With the U.N. calling April the bloodiest month in Iraq in almost five years, USIP experts warn that the rapidly escalating violence must be contained soon to forestall a deterioration that will cost far more effort and resources if not addressed.

Unlike any time in the past 16 months, the threat of all-out chaos and violence in Iraq’s most volatile provinces is high and has a potential to return the country to the upheaval of 2005-2007 or worse, given the regional dynamics and the complications stemming from the war in neighboring Syria.

While interest in developments inside Iraq has shifted away for many experts, the country’s future is pivotal to the region. What had been just potential for the conflicts in Iraq and Syria to influence each other has escalated to a combined threat in many ways. Groups such as Islamic State of Iraq and Jabhat al-Nusra have already merged leadership, and fighting forces on both sides of the border are actively pursuing their political aspirations of mutual support. This rapidly evolving scenario will require far more effort and resources to contain if action is delayed.  

Recent developments have extended beyond the political turmoil that has marked Iraq in recent years to clashes between the army, protesters and armed groups in provinces such as Kirkuk, Salahaddin, Anbar, Diyala, and Nineveh have led to increased violence. The confrontations have led to hundreds of casualties among the security forces and the civilians. The Reuters news agency reported that the United Nations counts 712 people killed in bomb attacks and other violence in April, making it the bloodiest month in five years in Iraq.

In the central-northern city of Hawija in Kirkuk Province, about 175 miles north of Baghdad, peaceful efforts to resolve a standoff between the army and local residents were not given a chance as the troops raided a square where public demonstrations had taken place. The protests had led to a siege that lasted days after earlier clashes with the army. The military’s raid ended with a serious tragedy where tens of lives were lost. 

The control of the security forces, particularly the military, has been shaken and loosened in Anbar, Kirkuk and Nineveh. Armed groups are increasingly exerting greater influence in Mosul, Anbar and parts of Kirkuk. The army is imposing curfews at night in many areas of these provinces, but the military has been coming under attack, in many cases leading to loss of life.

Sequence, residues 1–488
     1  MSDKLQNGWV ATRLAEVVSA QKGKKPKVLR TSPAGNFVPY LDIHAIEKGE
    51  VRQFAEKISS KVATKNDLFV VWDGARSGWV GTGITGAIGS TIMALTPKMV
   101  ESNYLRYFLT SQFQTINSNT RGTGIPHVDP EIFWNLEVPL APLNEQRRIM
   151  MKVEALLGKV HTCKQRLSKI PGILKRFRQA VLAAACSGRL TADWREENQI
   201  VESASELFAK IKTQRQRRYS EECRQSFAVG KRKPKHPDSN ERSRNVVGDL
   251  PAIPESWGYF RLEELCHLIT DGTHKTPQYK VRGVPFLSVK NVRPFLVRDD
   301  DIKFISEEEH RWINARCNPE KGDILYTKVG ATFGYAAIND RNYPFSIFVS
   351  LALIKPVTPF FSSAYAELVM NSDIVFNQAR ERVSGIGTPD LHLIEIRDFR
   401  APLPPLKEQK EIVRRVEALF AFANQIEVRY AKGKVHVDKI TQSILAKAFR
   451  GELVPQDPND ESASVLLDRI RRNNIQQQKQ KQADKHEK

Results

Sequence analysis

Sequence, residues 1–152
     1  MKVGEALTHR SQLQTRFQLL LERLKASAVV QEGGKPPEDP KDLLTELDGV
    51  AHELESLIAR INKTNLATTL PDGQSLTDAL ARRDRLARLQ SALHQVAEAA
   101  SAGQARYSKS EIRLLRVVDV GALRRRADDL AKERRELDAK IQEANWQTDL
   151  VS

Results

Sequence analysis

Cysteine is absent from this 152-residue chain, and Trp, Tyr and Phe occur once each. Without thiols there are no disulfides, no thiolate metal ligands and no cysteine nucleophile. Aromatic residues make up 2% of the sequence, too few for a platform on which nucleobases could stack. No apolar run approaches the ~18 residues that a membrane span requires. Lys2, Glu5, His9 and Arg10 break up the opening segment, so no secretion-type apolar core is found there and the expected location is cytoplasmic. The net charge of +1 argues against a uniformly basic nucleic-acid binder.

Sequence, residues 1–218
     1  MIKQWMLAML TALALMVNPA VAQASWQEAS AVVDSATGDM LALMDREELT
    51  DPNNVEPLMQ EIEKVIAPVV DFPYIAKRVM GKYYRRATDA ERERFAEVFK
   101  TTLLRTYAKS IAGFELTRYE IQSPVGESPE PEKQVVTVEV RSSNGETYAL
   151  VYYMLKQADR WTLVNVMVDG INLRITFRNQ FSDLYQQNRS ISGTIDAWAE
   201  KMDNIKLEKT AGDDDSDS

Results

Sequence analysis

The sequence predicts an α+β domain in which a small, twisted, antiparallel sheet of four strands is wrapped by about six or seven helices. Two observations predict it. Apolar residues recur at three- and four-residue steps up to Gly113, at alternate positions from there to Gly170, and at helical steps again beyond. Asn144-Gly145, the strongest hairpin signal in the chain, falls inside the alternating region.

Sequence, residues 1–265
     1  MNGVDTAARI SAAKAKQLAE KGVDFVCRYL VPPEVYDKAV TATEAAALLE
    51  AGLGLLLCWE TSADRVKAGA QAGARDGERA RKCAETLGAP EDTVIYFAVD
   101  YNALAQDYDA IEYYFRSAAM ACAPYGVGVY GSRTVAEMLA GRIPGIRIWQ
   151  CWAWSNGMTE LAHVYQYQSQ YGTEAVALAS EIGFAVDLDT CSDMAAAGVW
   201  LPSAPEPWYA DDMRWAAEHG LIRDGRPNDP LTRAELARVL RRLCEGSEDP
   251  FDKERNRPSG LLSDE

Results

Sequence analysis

Former Ambassador to Iraq Ryan Crocker noted in a column in The Washington Post this week that the locations where violence has broken out are “eerily familiar, as many were strongholds of al-Qaida in Iraq at the outset of the surge, before the spread of the Awakening movement that fostered reconciliation between disaffected Sunni Arabs and the Shiite-led government in Baghdad.”

“The recent events come on top of increasing incidents of horrific attacks by al-Qaida in Iraq, with last month seeing the largest losses in years,” Crocker wrote. “These developments clearly require the attention and support of the international community, led by the United States.”

In Baghdad, the army maintains tight control, yet explosions and attacks continue to occur, civilians are killed, and many residents stay home, because it is too risky to go to work or send children to school. Sunni tribal and religious leaders are issuing threats and ultimatums not only to the army and the government, but the wider Shia community. Other relatively stable provinces like Maysan and Diwaniyah have been the target of car bombs. Places of worship like mosques and Husseiniyahs (specifically Shia houses of worship) are being attacked, killing tens and injuring hundreds, signaling an escalating trend of ethnic groups taking revenge whenever they feel they can.

The turmoil is compounded by internal displacement and the resurrection of armed groups that tore the country apart in the aftermath of the U.S. invasion in 2003. 

It is unclear who can do what, because the situation is so fluid. USIP’s Iraq Core Team is following the situation closely, assessing what the Institute can do directly and through our partners in the U.S. government, the Iraqi government, and Iraqi civil society. Members of the Network of Iraqi Facilitators and the SILM (“Peace Net: Peace for a Unified Iraq”) network of civic organizations, both backed by USIP, and others are also looking for ways to engage. They are already taking some steps, but the measures are still limited compared to what is needed. 

We urgently need to find ways to leverage all our expertise and resources. 

USIP will host a discussion on Monday, May 6, with the International Organization for Migration (IOM) to address the question of what we all can do. Retired Ambassador to Iraq James Jeffrey and Ambassador Daniel Serwer, who served as executive director of the Baker-Hamilton Iraq Study Group, will join experts from the host organizations on the panel.

Manal Omar directs USIP’s Iraq, Iran and North Africa programs. Sarhang Hamasaeed is a program officer with USIP's Iraq and North Africa programs.

 

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